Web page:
It has been necessary for the proponents of free market fundamentalism to portray themselves as profoundly non-ideological. Under a mask of economic and social common sense, they have had no qualms in embracing challenges against past orthodoxies of gender, racial, sexual and so on, with personal freedom stripped of social justice brought into alignment with their economic creed. Equating both radical, transformative and emancipatory anti-capitalist projects and nationalist, racist right-wing perspectives as two sides of the same coin, neoliberal capitalists are able to occupy a illusory centre ground of their own definition, an ideally suited discursive arrangement given that the terminology is belongs to them and them alone. Presenting themselves as heralds of rationality, they are able to grandstand about the futility of attempts to bring about change to a system that represents the best humanity can possibly achieve, and engender acceptance of the present state of things among all. In recent years, the necessity of austerity has been erected as a monolithic steady state, an inarguable fact that is only rejected by extremists.

It is a deliberate falsification, and no amount of posturing on the part of the free market fundamentalists can conceal the subversive truth: there are alternatives. Articulating what they are is problematic, because our minds are conditioned to see the present order of things as the natural order of things. All in all, a cognitive restructuring has taken place that has seemingly shifted the political centre rightwards. However, cracks are beginning to appear in the edifice. The appetite of the multitude to live a life not marked by hopelessness and despair offers possibilities. We are in unchartered territory, and attempts to try and asphyxiate debate and impose metaphorical blinkers will inevitably fail as technology allows the communication of subjugated knowledge. At the present time alternatives to austerity and neoliberalism are a form of subjugated knowledge for many, but for how long will this remain the case?

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With its self-aggrandizing terminology of capital flows, derivatives and liquidity, capital shrouds itself in a glossy veneer of hypermodernity. Complex language is employed to reinforce the notion that neoliberal capitalism is the most advanced, forward thinking model of societal organisation available to us today. Conversely, explicitly anticapitalist ideologies are ridiculed as retrograde and regressive, depicted as belonging to naïve idealistic past, completely incompatible with the needs and demands of modern society. In line with this, anyone who dares to raise their head above the parapet and voice opposition to austerity is depicted as backwards and utopian. Anticapitalist discourses have to operate with an awareness of the state of play, and draw certain conclusions about the ways in which to frame our arguments given the prevailing attitudes of the majority.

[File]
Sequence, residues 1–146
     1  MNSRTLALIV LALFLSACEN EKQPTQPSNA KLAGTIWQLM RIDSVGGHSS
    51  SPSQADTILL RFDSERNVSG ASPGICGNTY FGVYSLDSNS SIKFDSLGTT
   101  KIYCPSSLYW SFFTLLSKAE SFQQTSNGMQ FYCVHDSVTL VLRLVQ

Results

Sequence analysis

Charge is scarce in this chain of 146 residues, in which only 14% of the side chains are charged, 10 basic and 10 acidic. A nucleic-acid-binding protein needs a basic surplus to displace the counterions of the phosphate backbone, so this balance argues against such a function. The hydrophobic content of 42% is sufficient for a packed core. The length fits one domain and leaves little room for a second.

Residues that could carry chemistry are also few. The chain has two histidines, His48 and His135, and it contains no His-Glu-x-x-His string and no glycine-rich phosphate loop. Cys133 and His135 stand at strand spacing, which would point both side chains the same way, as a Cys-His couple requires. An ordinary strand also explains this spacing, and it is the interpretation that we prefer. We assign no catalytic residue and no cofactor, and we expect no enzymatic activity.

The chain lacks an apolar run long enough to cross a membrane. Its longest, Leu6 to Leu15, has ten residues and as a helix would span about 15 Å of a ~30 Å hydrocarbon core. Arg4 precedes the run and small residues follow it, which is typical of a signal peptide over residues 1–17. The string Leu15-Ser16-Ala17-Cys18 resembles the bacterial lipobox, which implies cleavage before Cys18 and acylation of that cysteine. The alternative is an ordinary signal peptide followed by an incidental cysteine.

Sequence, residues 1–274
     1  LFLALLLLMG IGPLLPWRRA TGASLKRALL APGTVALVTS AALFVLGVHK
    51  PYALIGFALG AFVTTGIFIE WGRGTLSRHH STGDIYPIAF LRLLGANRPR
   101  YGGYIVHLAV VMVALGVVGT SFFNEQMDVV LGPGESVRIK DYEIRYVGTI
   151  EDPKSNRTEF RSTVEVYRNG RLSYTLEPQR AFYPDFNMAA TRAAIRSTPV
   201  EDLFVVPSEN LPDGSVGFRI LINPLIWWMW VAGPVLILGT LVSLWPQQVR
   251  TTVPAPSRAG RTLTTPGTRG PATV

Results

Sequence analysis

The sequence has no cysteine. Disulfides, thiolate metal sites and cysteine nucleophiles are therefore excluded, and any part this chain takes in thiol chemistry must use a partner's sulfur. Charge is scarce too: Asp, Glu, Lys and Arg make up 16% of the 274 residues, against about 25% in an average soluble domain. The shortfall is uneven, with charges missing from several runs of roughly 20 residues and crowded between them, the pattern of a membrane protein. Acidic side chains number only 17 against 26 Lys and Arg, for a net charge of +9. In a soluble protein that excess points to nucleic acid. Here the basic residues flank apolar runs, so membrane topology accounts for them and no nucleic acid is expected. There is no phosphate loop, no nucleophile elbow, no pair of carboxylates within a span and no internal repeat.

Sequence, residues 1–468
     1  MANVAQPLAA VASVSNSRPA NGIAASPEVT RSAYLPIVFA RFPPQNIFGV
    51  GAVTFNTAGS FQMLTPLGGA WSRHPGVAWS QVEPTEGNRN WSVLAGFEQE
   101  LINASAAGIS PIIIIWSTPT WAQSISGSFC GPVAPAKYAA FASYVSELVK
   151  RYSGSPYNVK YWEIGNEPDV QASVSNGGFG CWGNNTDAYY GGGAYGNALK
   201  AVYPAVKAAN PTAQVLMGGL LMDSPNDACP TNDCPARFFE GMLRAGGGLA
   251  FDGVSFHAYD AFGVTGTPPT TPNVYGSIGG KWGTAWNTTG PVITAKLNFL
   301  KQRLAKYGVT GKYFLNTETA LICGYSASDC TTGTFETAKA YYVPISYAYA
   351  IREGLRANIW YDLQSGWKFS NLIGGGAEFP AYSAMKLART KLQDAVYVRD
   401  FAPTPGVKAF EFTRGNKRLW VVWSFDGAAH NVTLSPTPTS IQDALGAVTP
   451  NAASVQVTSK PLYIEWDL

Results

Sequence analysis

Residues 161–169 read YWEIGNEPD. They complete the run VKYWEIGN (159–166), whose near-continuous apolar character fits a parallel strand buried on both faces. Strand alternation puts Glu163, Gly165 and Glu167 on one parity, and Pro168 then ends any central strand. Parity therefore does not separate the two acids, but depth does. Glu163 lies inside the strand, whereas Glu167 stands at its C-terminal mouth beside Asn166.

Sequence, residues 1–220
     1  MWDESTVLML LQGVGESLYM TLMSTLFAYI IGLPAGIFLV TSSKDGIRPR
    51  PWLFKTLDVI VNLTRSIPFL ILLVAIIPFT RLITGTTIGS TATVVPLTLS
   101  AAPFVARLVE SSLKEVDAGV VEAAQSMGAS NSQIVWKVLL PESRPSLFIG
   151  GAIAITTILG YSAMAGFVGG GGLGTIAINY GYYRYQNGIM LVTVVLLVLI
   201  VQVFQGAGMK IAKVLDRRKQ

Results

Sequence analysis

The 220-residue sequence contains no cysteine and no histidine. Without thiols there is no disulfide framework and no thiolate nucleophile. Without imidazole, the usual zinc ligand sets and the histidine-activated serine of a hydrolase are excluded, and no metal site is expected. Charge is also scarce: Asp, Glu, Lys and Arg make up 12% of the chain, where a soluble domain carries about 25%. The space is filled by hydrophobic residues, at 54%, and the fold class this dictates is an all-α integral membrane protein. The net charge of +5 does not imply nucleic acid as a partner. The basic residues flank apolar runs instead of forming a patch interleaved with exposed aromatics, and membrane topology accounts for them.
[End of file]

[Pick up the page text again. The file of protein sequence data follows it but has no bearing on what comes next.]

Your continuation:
It seems to me that anticapitalists are failing to understand the terrain of contestation in which they find themselves. Expending excessive amounts of energy in trying to illuminate people as to the inequalities that capitalism propagates is largely futile, it is in essence preaching to the converted. Those who are already ideologically opposed to capitalism will respond with fury to detailed outlines of the ways in which capital entrenches the divide between haves and have-nots, but for the majority this has little effect. This is not because people are unaware of the inequalities, in fact their everyday existence is permeated by such an awareness. The problem is that such rhetoric produces only a stock response of shrugs and sighs – “Yes, the world is unfair, but it has been ever thus…” and “Certainly it isn’t perfect, but would you rather have the tyranny of Stalin?”. Trying to explain that the possibilities for alternative forms of societal organisation don’t necessarily orientate towards authoritarian state control with power invested in the hands of a small cabal of bureaucrats generally falls upon deaf ears. As such, we arrive at something of an impasse.

How could we recalibrate our arguments to attack the central notion that neoliberal capitalism represents the cutting edge of modernity? A case needs to be made that the 21st century is one of contestation between different perspectives. The one propagated by neoliberalism’s adherents forms the primary orthodoxy of our times, and mocks all alternatives as belonging to an earlier era in which they were not able to gain the necessary political and social capital in which to radically transform society. Its antithesis should be grounded in the assertion that, in fact, it is capital ITSELF that is impeding our advancement, that its ideas are no more than a turbo-charged version of nineteenth century liberal capitalist doctrines, and that true novelty resides in the radical projects of democratic autonomy. Our argument should challenge the smug capitalist consensus of condescension that posits itself as the herald of change. We should, in effect, address capital as antiquated and outmoded, unfit for purpose for our present age and the challenges it will bring. Too much respect is given to the ideologues of capital, they should be ridiculed as dinosaurs unable to conceptualise the ways in which our burgeoning knowledge has outstripped them, and robbed them of all legitimacy.